Many people familiar with the old west would say that the most famous stagecoach to have plied the trails of the frontier west was the Deadwood Stagecoach. This is Deadwood as in Deadwood South Dakota and the Black Hills. Deadwood South Dakota could easily have been called the capitol of the Black Hills.The photo below is of Deadwood circa 1877.
This is where people from all walks of life hastened to as soon as gold was discovered in the nearby hills. The fact is that Deadwood was, in a way, founded by none other than George Armstrong Custer. It was Custer who led an expedition into the Black Hills which was at the time a very sacred area of the country to the Sioux Indians. The Sioux in fact had ownership of the Black Hills per a treaty with the federal government. When Custer filed a report of his expedition to the Black Hills, whose purpose was to ascertain if gold was truly there, he emphasized that gold was there in abundance. Somehow, at about the same time Custer filed his report, the startling information also found it’s way to the eastern newspapers.
The national economy was in a slump at the time and this only added fuel to the fire and what appeared to be another California Gold Rush, this time in the Black Hills, was in the making. Beginning in April of 1877 the first stagecoaches started rolling between Bismark South Dakota and Deadwood. The Northern Pacific Railroad had a terminal in Bismark and this offered the fastest way to Deadwood from the east. Three time a week service began in May and it didn’t take long for the stages to make the trip daily. Deadwood South Dakota was booming and people were trying to get there fast. The coach of choice was none other than the Concord coaches which were built well for the rough western trails.The first Concord stagecoach was built in 1827 by the Abbot Downing Company. The innovation that made these coaches so popular lay in the construction of their suspension. Traditional stagecoaches employed metal springs which gave the coach a very bouncy ride when the trail got rough. Concord coaches instead used leather braces which gave the coach a gentle swinging motion, prompting Mark Twain to refer to the Concord as the “cradle on wheels.” Freight and passenger revenue was doing very well and in addition to that the stage company received the coveted U.S. Mail contract. During the stage lines heyday it was reported that they employed about 175 men. This was quite a large operation in 1877.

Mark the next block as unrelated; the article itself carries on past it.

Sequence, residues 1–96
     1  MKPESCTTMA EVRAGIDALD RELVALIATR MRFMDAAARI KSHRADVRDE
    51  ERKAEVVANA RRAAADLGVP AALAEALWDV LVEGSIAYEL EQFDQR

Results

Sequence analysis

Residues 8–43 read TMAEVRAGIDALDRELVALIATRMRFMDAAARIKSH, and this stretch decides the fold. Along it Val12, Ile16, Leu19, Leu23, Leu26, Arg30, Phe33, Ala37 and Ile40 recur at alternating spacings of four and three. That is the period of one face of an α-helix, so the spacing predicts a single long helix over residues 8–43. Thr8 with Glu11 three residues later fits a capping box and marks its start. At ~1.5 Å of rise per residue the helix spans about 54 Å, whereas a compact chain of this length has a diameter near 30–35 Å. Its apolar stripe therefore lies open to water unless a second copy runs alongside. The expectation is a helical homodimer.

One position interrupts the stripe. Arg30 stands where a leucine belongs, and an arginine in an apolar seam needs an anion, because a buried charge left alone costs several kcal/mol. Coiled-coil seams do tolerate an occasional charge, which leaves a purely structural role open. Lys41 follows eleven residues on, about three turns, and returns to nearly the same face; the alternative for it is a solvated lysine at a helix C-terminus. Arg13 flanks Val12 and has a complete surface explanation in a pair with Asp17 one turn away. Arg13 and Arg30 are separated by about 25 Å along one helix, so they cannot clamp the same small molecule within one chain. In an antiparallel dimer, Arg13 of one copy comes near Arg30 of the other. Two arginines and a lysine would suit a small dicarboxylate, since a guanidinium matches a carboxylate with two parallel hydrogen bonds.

Anytime there was a flourishing stagecoach route, and the route to the Black Hills was one of them, there were stagecoach robbers. In that era they were often referred to as “highwaymen”. People handy with firearms such as Wyatt Earp were hired to sit beside the driver with a shotgun to protect passengers and gold from the highwaymen. There was a lot of criminal activity in the area. The infamous Sam Bass, pictured above, and his gang reportedly robbed the stage four times in two months. In fact, the Sam bass gang was credited with the largest Union Pacific train robbery that took place in Nebraska. The amount and value of gold dust being shipped via stagecoach was such that precautions were taken that included a special coach to protect the gold. The treasure box was bolted securely to the floor, the coach was even lined in lead, and there were two portholes guards could use to fire back at the robbers.
The transportation boom ended suddenly when the railroad reached Pierre, South Dakota. In 1880 the company moved the majority of its coaches and livestock to Pierre and opened an alternate line. After that the service on the Bismarck line was cut to tri-weekly trips and was soon after abandoned.
To illustrate how popular Buffalo Bill’s Deadwood Stagecoach was in his Wild West performances, while performing in England the highlight of one of the shows came when several monarchs, including the Prince of Wales and the kings of Denmark, Greece, Belgium, and Saxony, climbed aboard the Deadwood Stage with Buffalo Bill in the driver’s seat and rode around the arena while the Indians engaged in a mock attack. It doesn’t get much more real than that for the visiting monarchs. Obviously this was a show business first and gained wide publicity for the Wild West.
Today, you can see the original Deadwood Stagecoach which played a big part in Buffalo Bill’s Wild West performances. The stagecoach is on display at the Buffalo Bill Historical Center in Cody Wyoming. The Cody Historical Center began as a log cabin tribute to William F. Cody, founder and namesake of Cody Wyoming, and has materialized into a seven-acre building which houses five museums and a research center. The museum is located at 720 Sheridan Ave. and features everything about Buffalo Bill Cody, his Wild West and the old west in general. They have done an excellent job with this museum and I would recommend anyone traveling on a Wyoming vacation to make a visit there. It is the largest repository of William Cody artifacts in the west.